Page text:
“Why don’t you serve first?” suggested Emeric, tossing him the ball.

Nick nodded, knowing this was his chance to prove himself.  He could feel the Amish eyes upon him as he took his place in the back right corner.  He sucked in a deep breath, tossed the ball into the air, and hit it as hard as he could with the heel of his hand, driving it up and over the net.  Lukas and an Amish girl both dove for it, nearly butting heads, but it dropped neatly between them and bounced off the grass.

“Nice shot, English!” Emeric exclaimed, nodding his approval.  “Point goes to us.  Serve again.”

Nick smiled, waiting for the ball to be rolled back to him.  Despite the ache in his shoulders from shoveling, it felt good to hit something.  He served the ball over the net again, and this time, the other side volleyed it back.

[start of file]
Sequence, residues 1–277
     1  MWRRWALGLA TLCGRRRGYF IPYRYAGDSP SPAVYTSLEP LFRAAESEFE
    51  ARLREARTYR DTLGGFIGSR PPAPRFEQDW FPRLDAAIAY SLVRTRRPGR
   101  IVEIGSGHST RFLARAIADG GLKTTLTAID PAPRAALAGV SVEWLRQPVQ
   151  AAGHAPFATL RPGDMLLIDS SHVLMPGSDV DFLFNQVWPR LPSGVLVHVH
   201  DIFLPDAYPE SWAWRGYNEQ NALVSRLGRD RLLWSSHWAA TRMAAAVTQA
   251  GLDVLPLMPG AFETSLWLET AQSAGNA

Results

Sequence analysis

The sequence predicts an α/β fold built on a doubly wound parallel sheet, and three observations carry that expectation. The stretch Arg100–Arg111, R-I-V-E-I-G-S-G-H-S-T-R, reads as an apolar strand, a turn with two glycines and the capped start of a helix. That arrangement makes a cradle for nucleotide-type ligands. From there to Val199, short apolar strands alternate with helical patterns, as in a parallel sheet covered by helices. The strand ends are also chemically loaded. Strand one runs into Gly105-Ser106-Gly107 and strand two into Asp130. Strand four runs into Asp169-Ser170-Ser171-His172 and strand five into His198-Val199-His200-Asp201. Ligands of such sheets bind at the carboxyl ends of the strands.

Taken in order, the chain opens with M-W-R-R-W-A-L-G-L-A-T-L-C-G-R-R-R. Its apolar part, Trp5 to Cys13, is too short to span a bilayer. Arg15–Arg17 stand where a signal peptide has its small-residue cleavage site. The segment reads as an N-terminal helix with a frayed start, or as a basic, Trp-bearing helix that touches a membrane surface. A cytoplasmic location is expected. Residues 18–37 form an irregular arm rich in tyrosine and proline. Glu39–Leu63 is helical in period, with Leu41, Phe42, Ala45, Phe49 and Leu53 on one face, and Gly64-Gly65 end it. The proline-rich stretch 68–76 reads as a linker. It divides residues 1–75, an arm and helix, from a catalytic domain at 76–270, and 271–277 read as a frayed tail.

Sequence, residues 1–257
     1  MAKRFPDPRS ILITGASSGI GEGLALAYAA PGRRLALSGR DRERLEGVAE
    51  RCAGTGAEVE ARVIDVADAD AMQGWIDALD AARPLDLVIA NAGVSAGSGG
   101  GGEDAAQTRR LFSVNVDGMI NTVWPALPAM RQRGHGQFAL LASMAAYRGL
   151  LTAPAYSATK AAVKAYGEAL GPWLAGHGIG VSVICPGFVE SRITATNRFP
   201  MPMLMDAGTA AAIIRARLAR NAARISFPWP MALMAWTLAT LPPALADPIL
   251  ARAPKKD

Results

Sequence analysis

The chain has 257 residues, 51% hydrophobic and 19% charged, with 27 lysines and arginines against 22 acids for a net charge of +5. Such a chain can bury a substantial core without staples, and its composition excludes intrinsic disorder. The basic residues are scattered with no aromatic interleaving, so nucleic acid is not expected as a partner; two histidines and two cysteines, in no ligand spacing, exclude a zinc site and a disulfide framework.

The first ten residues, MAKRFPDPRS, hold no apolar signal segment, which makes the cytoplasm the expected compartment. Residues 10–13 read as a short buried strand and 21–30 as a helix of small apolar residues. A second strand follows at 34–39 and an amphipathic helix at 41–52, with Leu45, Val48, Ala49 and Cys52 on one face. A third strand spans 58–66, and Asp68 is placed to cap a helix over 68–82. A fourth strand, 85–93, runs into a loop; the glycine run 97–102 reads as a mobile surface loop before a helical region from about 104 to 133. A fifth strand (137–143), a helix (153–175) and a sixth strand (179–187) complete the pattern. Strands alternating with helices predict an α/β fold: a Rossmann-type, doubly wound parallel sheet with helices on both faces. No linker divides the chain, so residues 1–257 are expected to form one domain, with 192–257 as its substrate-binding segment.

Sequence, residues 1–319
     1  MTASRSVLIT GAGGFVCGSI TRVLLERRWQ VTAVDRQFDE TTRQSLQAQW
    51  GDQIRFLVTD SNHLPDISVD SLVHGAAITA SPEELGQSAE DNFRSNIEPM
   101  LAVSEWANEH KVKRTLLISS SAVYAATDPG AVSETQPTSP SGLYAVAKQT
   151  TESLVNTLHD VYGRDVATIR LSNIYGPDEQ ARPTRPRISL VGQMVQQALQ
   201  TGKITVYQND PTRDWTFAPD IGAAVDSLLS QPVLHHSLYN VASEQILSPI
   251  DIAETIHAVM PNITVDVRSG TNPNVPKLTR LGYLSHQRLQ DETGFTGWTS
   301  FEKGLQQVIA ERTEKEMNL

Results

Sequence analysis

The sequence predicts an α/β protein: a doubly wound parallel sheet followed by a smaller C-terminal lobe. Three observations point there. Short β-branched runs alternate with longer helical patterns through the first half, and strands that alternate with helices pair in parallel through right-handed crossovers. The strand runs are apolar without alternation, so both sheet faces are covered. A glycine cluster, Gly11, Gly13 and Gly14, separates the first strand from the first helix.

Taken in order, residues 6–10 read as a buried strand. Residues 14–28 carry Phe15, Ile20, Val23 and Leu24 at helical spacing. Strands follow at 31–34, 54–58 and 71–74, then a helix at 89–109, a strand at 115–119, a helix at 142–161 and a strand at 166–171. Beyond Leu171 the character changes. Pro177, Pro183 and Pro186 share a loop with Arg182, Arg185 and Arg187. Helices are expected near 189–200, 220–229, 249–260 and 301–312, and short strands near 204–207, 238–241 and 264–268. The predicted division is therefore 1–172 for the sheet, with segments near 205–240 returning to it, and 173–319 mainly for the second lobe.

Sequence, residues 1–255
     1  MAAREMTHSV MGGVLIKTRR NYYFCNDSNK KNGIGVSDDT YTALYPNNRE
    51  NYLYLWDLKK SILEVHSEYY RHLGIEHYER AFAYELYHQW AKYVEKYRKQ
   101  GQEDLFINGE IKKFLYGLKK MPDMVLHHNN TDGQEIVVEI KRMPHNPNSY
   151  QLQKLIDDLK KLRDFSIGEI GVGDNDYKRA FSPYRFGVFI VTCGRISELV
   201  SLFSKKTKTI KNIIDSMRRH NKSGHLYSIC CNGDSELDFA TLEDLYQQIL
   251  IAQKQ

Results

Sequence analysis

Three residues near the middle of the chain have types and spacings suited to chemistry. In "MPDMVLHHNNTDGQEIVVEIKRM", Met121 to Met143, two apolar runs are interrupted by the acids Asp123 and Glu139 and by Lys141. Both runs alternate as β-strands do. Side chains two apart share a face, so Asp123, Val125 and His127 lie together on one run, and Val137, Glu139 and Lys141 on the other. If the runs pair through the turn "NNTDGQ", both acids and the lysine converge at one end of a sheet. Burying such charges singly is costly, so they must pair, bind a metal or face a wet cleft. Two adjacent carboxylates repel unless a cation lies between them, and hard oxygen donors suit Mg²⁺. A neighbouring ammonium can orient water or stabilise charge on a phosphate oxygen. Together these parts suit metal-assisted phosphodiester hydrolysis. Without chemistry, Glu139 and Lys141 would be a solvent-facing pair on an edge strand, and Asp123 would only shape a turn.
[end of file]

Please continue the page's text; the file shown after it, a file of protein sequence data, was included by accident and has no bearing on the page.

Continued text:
The game quickly intensified, as each side scrambled to save the ball.  Nick enjoyed the teamwork as much as he enjoyed the sense of exhilaration he felt, his heart pounding as he bumped, set, and spiked to score for his side.  Sports had always been a stress-reliever for him.  Whenever the rigors of life on the road got to be too much, he would grab a basketball – Brian always brought one on tour – and find a court where the two of them could shoot hoops.